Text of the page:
Buddhism, Science, and Laziness
by Stephen Pike

The Monk and the Philosopher is a dialogue between academic philosopher Jean-François Revel and his son Matthieu Ricard, a western-trained scientist turned Buddhist monk. Matthieu argues convincingly that the divergence in thought between Western and Eastern cultures over the past few hundred years has been detrimental to Western happiness. Where the west has prioritized progress through applied physical science, the eastern Buddhist tradition has focused on a more contemplative science of the mind. This idea of an entire field of thought centered around how we think and what fulfills us fascinates me. Here’s Matthieu, the monk, with a passage that’s stuck with me:

“It’s interesting to reflect on how and why we choose to spend our lives doing whatever we do - to the extent that we choose at all. I’d like to mention the Buddhist definition of laziness, which seems quite relevant here. We speak of three kinds of laziness. The first is simply to spend all your time eating and sleeping. The second is to tell yourself, “Someone like me will never manage to perfect themselves.” In the Buddhist context, such laziness makes you feel that it’s pointless even trying, you’ll never attain any spiritual realization. Discouragement makes you prefer not even to begin making any effort. And the third kind, the one most relevant here, is to waste your life on tasks of secondary importance, without ever getting down to what’s most essential. You spend all your time trying to resolve minor problems, one after another in an endless sequence, like ripples on the surface of a lake. You tell yourself that once you’ve finished this or that project you’ll start giving some meaning to your life. I think that the horizontal dispersion of knowledge has something to do with that third form of laziness, even when people work hard on something for a whole lifetime.”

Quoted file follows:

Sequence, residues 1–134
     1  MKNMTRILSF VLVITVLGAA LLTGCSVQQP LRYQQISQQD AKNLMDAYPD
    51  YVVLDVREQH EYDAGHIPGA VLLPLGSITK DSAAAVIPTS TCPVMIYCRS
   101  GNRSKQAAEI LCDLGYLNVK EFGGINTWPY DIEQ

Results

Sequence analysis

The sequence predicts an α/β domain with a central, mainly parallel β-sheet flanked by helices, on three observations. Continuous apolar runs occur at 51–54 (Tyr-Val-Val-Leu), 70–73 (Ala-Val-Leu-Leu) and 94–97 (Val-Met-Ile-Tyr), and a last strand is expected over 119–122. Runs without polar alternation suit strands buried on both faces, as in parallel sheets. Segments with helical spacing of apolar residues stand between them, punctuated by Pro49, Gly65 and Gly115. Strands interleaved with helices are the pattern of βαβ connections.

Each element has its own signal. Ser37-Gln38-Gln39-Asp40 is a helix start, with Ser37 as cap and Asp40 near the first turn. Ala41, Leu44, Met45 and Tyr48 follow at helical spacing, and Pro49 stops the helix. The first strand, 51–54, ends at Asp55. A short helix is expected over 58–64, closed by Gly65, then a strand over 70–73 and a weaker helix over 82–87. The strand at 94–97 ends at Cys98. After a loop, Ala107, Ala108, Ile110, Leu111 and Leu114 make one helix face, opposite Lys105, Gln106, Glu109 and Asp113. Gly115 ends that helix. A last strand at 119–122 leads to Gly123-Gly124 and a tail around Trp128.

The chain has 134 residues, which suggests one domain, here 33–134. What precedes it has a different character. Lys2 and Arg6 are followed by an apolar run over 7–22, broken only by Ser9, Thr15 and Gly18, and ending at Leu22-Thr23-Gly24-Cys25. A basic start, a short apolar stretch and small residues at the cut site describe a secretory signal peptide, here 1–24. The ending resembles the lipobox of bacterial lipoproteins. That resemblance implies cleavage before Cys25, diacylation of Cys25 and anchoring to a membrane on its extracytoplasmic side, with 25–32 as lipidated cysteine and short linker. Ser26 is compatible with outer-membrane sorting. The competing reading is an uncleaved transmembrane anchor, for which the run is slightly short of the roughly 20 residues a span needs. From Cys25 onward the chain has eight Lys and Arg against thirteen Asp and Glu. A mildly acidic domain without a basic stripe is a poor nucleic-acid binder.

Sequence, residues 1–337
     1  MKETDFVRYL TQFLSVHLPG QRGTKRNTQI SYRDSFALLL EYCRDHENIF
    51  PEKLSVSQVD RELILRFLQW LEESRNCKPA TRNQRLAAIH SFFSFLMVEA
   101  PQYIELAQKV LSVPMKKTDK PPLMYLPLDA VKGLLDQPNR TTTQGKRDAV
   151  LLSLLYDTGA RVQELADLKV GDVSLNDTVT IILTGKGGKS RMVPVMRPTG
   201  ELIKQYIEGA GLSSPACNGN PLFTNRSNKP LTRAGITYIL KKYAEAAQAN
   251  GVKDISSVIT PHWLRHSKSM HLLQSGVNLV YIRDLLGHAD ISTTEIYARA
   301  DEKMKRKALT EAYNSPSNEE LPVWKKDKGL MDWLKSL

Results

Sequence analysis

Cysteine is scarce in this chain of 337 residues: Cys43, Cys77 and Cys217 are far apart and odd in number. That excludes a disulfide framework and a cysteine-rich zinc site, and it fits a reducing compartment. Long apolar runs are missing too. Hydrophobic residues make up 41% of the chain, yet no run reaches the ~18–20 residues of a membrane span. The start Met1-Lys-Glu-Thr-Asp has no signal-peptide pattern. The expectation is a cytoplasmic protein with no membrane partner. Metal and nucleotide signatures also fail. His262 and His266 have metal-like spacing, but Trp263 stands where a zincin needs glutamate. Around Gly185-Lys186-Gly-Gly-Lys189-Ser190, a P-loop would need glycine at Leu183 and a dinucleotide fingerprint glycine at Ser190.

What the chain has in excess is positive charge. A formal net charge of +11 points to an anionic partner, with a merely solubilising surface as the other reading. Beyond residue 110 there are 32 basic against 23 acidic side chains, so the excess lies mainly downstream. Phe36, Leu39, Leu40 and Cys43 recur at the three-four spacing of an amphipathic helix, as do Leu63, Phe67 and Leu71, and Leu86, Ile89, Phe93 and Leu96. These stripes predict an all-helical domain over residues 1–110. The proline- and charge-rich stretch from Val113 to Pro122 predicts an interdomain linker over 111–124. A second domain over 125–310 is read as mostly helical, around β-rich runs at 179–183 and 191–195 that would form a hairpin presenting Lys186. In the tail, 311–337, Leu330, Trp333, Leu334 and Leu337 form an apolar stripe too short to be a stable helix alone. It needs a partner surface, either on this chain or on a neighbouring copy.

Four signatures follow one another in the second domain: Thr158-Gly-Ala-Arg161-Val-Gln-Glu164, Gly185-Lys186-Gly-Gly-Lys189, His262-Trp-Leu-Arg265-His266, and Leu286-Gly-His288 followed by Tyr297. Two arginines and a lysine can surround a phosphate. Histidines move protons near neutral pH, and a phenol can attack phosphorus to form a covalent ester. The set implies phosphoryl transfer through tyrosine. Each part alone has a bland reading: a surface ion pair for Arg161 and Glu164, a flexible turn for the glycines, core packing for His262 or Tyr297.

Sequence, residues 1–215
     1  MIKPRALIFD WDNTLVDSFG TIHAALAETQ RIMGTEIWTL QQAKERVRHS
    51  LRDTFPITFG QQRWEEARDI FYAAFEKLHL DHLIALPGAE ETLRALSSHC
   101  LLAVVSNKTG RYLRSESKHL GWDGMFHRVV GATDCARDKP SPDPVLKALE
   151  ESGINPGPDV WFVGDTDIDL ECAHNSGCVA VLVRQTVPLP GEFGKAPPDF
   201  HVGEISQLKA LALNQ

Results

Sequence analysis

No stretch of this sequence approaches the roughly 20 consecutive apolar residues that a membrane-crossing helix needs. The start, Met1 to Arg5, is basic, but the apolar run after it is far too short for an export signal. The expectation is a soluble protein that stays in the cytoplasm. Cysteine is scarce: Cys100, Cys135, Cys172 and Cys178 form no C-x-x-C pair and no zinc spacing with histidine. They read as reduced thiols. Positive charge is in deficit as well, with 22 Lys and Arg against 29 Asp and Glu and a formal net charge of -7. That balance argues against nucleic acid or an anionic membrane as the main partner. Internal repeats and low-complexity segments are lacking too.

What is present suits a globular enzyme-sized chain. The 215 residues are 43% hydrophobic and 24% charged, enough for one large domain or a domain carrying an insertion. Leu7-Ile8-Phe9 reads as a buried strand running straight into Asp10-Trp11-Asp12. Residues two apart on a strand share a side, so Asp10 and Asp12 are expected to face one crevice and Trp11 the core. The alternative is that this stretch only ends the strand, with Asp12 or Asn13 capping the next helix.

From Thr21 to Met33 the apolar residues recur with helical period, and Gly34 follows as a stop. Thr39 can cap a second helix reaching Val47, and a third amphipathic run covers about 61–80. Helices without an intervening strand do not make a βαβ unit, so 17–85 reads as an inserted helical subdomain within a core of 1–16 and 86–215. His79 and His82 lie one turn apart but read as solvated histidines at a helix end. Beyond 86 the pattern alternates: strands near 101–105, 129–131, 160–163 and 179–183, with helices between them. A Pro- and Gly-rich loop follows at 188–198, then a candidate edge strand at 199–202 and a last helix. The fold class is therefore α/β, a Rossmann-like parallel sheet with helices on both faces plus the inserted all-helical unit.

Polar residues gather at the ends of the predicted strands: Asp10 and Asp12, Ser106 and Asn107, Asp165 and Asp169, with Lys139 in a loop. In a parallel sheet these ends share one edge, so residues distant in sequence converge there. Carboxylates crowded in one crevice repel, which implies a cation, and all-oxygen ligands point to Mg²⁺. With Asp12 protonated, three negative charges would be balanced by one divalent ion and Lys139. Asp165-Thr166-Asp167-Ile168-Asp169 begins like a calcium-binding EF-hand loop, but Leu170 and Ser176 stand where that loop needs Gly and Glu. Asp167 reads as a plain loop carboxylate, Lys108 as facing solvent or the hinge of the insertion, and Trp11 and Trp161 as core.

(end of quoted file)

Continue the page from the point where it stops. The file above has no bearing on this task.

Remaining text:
It’s that third type of laziness — working hard yet never feeling satisfied — that I’ve found the most dangerous.